Investor Stories: Ravil Iarullin

Investor Stories: Ravil Iarullin

Tell us about yourself

I am 27 years old and originally from Tatarstan. Three years ago, I moved with my family to Lincoln, New Zealand. Recently, I obtained my first job as an IT specialist.

What's your money story?

I'm from a middle-class family, so growing up, money was never an issue as far as I can remember. As a child, I was never really taught much about money or how to handle it. All I knew what that I had to work hard to earn money, and that was pretty much where my financial upbringing ended.

I recently took it upon myself to learn more about finance and how to manage my money. So now, at the start of each month, my wife and I sit down to see how much money we have spent and to see whether we have stuck to our spending plan or not.

Why did you start investing?

I started out investing in Muslim funds–it was an easy way for me to invest without having to find halal businesses myself. The fund took care of the research, and I benefited when the fund made a profit. Nobody really introduced me to investing–I just sort of came across it as I had some spare money and wanted to make sure I was doing something with it to beat inflation.

I started dabbling into individual shares about 10 months ago and have used Zoya to help me find halal companies and funds to invest in. My family and I now have an investing plan with a goal to save for Hajj.

How do you choose what to invest in?

Being a Muslim, my first requirement is that the asset should be halal to invest in. Secondly, the asset should be backed by a trusted team so that I can comfortably invest, knowing my money is safe. I also consult with friends or Muslim finance experts to see what's currently trending in the market and whether or not the investment meets my level of risk tolerance.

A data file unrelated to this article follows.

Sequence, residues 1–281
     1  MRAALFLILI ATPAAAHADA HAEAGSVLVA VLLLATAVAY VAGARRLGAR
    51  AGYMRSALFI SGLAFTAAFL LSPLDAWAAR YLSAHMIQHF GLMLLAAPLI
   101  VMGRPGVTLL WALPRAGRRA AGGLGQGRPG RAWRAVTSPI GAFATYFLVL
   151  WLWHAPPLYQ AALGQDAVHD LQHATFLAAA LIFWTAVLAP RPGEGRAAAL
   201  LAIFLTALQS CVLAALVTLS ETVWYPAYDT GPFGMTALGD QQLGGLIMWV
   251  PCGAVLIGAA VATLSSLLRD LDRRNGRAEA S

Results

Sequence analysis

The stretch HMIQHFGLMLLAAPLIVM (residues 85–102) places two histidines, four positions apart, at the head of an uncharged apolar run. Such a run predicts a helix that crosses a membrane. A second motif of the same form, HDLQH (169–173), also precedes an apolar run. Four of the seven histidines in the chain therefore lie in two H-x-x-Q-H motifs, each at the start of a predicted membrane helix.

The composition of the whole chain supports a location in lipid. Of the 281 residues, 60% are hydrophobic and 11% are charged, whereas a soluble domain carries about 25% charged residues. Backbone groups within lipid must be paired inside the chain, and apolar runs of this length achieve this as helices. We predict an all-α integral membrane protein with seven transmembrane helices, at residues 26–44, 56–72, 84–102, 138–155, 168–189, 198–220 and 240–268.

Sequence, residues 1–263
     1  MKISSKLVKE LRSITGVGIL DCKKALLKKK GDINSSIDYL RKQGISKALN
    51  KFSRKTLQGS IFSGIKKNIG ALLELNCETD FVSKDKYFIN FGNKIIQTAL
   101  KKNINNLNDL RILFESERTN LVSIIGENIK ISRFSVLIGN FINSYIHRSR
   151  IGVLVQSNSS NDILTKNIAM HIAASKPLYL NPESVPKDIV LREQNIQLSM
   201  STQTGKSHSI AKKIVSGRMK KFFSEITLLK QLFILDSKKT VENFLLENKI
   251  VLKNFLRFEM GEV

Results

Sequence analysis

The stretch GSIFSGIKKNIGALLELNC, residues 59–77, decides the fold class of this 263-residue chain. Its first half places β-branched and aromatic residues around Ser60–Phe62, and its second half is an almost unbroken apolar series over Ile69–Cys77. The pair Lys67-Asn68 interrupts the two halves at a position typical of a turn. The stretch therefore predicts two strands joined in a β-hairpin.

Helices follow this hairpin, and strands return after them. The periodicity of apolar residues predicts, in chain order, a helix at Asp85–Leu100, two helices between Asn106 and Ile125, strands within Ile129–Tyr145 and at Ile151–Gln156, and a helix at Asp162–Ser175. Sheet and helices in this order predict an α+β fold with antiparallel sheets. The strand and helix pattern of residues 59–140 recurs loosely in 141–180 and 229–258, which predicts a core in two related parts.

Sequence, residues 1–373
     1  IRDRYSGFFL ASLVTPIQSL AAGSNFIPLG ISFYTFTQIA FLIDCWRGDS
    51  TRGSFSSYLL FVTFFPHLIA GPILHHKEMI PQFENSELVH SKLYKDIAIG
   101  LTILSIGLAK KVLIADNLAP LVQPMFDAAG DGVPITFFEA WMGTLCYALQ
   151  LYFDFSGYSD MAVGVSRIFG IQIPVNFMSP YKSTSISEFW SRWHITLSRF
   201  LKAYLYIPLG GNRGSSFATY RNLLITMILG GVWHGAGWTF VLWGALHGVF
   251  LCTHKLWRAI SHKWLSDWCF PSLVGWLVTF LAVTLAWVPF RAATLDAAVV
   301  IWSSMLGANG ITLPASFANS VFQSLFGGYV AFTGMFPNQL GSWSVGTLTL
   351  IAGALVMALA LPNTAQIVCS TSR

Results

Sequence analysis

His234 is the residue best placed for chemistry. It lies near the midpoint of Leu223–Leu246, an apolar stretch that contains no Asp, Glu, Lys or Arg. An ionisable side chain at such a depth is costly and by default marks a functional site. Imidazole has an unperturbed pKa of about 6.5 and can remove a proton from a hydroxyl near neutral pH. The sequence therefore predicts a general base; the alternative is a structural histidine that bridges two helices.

What are the most important things you’ve learned as an investor so far?

My personal advice is don't hesitate to pay for a good consultation. It's the same thing when it comes to paying for your own financial education–it's totally worth it. The way I look at it is it's like using a shortcut to get all the information you need in one go.

Another thing I have learned is to not expect your investments to multiply in a short amount of time. Healthy investing is about time and consistency. More importantly, try to make a habit of investing, regardless of what is happening around you. Consistency is your best friend when it comes to investing.

What would you say to others who are not sure where to start?

I would suggest that they start by setting up a separate bank account and making regular transfers to this account. Let's say you transfer $5 a week. Give it some time and see whether you can live without this $5 and whether or not there's a larger amount you can increase it to.

Once you have determined a comfortable amount, the next step is to figure out what you want to invest in (it could be individual stocks or even a fund). If you're not ready for this step, use the money you have set aside to invest in yourself and enroll in a financial literacy course. The key thing is to make small steps in the right direction!

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The views expressed above are those of community members and do not reflect the views of Zoya. It is not investment advice and we always encourage you to do your own research.